A key meeting of the U.N. atomic watchdog agency stalled Wednesday, reflecting disagreements between the United States and Europe over how firmly to deal with Iran (search) and its suspect nuclear program.

The U.S.-European rift surfaced Tuesday, the second day of a key meeting of the board of governors of the International Atomic Energy Agency (search), the U.N.'s nuclear watchdog agency.

The planned morning session Wednesday was canceled, and agency officials said as the day progressed that it was unlikely the meeting would reconvene before Thursday. The pause was meant to allow informal backdoor negotiations on a draft resolution among the 35 board member nations.

The latest draft resolution, obtained by The Associated Press and being circulated informally for reaction from other delegates, was nearly identical to one that France, Britain and Germany came up with Friday — a text that American officials said was not acceptable. It ignored suggestions made by the Americans designed to toughen up the text.

The American suggestions, also made available in full to the AP, demanded that Iran grant agency inspectors "complete, immediate and unrestricted access"; provide "full information" about past illegal nuclear activities; and suspend "immediately and fully" uranium enrichment and related activities.

The agency's meeting has become the main battleground between Iran and the United States, which wants to take Tehran before the U.N. Security Council for alleged violations of the Nuclear Nonproliferation Treaty (search).

Hossein Mousavian, the chief Iranian delegate to the meeting, downplayed the U.S.-European differences, suggesting the rift was more over style than substance.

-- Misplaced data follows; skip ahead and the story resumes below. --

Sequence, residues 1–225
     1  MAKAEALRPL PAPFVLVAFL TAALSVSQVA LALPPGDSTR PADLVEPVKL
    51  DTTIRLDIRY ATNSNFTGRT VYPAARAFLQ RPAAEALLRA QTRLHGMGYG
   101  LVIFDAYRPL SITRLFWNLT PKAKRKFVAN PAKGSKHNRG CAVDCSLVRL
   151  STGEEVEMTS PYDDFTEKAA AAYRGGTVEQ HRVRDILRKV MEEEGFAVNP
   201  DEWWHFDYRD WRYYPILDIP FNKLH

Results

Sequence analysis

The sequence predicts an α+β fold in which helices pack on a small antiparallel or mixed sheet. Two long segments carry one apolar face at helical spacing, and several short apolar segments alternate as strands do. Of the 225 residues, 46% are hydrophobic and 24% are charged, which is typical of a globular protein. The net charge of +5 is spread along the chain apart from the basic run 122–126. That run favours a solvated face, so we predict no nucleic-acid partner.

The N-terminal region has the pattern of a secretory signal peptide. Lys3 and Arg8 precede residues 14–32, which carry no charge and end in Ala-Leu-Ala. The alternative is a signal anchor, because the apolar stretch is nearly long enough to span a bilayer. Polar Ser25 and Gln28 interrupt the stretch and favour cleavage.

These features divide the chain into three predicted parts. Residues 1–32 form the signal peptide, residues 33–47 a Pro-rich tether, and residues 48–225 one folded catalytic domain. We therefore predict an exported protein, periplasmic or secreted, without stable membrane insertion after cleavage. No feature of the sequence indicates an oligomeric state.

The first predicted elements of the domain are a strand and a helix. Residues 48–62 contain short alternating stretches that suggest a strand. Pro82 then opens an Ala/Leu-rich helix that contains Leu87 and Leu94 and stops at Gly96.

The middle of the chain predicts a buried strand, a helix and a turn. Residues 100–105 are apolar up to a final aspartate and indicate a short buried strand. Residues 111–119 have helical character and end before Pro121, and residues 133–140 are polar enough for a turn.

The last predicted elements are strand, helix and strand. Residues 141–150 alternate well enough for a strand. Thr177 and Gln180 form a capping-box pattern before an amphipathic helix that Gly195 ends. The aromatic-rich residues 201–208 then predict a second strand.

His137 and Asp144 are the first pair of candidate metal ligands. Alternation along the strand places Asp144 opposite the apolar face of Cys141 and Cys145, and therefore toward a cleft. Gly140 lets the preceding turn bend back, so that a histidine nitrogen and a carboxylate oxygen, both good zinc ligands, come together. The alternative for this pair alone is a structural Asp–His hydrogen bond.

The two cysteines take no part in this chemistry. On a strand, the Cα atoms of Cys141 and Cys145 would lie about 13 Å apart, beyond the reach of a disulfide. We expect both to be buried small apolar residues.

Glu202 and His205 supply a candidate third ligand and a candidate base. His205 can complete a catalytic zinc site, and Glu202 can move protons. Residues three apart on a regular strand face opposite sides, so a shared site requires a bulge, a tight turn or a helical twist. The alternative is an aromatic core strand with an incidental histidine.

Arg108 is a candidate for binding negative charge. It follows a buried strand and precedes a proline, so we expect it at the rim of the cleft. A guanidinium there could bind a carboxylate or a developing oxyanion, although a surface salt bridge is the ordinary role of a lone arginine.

"They have the same opinion, but the Americans are in a hurry for a harsh decision and the Europeans believe in dialogue," he told the AP.

The Americans asked that the draft include an Oct. 31 deadline. The EU text remained more vague on both demands and a time frame, asking only that IAEA Director General Mohamed ElBaradei submit a comprehensive report before November for evaluation by the board.

ElBaradei shrugged off the idea of a deadline and repeated that his investigation has not clearly established whether Iran is trying to make nuclear arms — as Washington asserts.

"We haven't seen any concrete proof that there is a weapons program," he told reporters. "Can we say everything is peaceful? Obviously we are not at that stage."

Revelations of the U.S.-Europe rift were expected to prove embarrassing to the Americans, who have expressed confidence that they would be able to bring the Europeans close to their stance.

The Americans "introduced amendments that were beyond what the market would bear," said one senior western diplomat who follows the IAEA, commenting on what he suggested was European defiance. "The European draft is right now going to have support."

A diplomat representing one of the 25 EU countries said part of the problem was that the Americans came in with additional modifications after the European Union thought they were happy with the original draft written by France, Germany and Britain.

The draft resolution is likely still far from any final version being prepared for formal introduction to the board, and diplomats said that in the end it may well include some of the American suggestions.

But they said the tone of some of the U.S. demands — and delays in making them — meant that a final resolution on Iran would not come before close to the end of the week.